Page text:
Aside from finally getting enough power to get out of its own way, the 2023 Toyota Prius also offers bigger brakes and a party-friendly ride. Dare I say it, this new model handles remarkably well. There’s no worrying body roll or horrific understeer if it feels a little lively, while brake feel, especially the way Toyota handles the brakes mixed with the regenerative system and actual friction brakes, feels fairly natural, as you’d expect in any other Gazette. car.

The design compromises practicality a bit

I’m not alone in saying this, but the 2023 Toyota Prius is truly night and day when it comes to design, inside and out. Especially when I’m spending my own money, I don’t do that Wants To go out and think, “Oh, why did I buy this car?”, every time I commute in the morning. Many people turned their heads as I drove, while the Prius gave me plenty of interesting tidbits to ponder as I effortlessly covered hundreds of miles.

From the driver’s seat, it took some effort to find anything worth complaining about. One problem is with the instrument cluster: depending on how you set the steering wheel, you can cut out some of the lower parts of the screen and the information it displays, such as the range to be emptied. Speaking of the steering wheel, although it’s the perfect size, you can’t adjust it up to any meaningful extent if you’re a taller driver. So, you have an annoying choice: cut off parts of the screen or move the steering wheel down until it reaches your knees.

This is a relatively minor complaint, besides the lack of space for taller passengers.

This is a result of the low roofline, as is the lack of rear seat space (or lack thereof), once rear passengers discover where the handles/buttons to open the doors are hidden. The 2023 Toyota Prius’s cargo capacity also diminishes to 20.3 cubic feet in this Limited model. The XLE gets the same rating, while the base LE fares slightly better at 23.8 cubic feet. However, they’re all worse than the outgoing car, which can hold up to 27.4 cubic feet of stuff when needed. Thanks again to the roofline, the new Prius is a hit in the rear visibility department as well.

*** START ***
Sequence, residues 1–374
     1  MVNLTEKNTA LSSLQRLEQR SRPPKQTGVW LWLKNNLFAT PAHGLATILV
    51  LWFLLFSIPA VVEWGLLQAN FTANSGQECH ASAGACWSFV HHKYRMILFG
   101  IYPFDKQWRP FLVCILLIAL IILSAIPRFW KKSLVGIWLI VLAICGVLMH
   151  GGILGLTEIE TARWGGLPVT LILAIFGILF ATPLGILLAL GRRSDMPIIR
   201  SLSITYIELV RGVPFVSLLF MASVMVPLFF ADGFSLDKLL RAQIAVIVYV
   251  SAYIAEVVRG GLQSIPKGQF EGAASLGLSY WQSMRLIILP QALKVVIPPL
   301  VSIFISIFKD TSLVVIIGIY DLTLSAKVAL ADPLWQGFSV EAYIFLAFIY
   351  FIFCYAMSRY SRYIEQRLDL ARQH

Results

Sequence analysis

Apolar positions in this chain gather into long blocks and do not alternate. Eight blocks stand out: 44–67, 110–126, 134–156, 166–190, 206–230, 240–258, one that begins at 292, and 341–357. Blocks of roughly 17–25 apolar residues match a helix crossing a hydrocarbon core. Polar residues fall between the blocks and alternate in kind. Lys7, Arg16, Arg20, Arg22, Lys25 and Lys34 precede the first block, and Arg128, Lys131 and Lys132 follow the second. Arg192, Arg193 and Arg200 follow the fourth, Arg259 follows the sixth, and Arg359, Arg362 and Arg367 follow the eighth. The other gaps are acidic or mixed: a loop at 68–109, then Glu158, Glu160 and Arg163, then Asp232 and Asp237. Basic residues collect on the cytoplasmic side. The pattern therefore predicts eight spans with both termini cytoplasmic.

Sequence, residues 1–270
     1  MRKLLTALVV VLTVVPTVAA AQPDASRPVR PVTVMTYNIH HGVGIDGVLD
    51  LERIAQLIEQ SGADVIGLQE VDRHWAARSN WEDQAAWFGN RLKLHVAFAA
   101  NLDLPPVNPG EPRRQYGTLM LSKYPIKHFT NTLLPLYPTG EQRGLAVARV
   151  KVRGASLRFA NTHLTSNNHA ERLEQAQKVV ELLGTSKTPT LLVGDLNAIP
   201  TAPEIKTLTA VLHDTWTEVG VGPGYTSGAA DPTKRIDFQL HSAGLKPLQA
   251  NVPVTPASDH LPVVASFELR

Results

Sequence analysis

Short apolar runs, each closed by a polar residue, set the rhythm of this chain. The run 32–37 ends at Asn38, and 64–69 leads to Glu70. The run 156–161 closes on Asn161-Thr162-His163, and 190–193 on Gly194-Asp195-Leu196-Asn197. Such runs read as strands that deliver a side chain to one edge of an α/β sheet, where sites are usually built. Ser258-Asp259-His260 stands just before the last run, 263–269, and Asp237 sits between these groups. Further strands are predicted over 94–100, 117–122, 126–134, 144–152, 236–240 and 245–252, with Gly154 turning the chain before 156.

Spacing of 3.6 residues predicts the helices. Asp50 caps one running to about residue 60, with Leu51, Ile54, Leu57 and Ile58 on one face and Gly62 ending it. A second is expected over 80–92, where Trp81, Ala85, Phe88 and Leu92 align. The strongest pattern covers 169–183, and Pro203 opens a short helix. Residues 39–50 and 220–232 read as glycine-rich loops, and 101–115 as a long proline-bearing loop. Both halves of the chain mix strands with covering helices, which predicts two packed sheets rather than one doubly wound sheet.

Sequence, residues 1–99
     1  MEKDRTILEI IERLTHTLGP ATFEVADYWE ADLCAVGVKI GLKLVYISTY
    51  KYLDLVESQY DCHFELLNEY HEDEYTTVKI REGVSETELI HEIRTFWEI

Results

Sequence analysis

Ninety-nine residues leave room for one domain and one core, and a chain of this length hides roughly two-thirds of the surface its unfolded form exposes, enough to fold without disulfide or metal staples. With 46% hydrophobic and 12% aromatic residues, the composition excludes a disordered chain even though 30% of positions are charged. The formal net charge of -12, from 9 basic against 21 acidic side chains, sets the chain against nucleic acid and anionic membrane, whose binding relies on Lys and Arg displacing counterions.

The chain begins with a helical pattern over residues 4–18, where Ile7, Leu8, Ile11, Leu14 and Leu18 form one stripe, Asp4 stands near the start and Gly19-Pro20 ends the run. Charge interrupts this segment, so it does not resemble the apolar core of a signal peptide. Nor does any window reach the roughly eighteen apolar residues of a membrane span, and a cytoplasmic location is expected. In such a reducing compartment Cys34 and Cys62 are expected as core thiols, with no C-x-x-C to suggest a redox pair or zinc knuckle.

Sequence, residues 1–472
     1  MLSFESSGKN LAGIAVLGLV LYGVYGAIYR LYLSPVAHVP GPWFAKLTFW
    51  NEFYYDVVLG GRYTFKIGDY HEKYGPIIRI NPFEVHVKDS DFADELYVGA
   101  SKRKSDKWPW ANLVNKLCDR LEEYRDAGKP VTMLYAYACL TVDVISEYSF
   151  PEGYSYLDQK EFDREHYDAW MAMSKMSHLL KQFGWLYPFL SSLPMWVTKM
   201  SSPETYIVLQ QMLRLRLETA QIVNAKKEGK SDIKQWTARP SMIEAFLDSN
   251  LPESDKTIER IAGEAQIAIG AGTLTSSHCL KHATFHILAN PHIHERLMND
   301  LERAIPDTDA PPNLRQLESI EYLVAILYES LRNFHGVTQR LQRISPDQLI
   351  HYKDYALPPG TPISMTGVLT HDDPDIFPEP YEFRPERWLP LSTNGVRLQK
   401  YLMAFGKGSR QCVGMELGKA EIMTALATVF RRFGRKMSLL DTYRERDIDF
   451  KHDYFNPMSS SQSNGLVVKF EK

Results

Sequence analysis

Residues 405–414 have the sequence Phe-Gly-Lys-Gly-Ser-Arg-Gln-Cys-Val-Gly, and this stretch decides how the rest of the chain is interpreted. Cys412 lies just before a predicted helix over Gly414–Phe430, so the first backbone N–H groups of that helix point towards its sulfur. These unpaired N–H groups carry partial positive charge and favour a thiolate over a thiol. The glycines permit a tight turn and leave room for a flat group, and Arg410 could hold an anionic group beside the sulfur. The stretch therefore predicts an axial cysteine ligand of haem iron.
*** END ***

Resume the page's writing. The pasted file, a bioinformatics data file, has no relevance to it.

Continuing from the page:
However, the 2023 Toyota Prius is absolutely worth your time, and may help bridge the gap toward a full electric vehicle.

Overall, the new Prius is still a star in my book. I’m not quite ready to move to a full electric car just yet, but I appreciate the efficiency and low purchase and running costs on offer here until that changes. I love taking road trips, and getting over 50mpg in a stylish package, it’s actually good for ticking all the boxes for a rugged companion.

The only downside, at least compared to the last generation, is cargo and rear passenger space. It’s still better than the Corolla, not to mention this car looks more refined.

You may still want to give the Prius a hard pass because of its reputation, but it’s worth considering. With a new look, modern technology, including a 12.3-inch infotainment screen that’s standard on Limited models and optional on XLE models, and fuel economy that will come in handy when gas prices inevitably rise again, it could just be a winner all around. .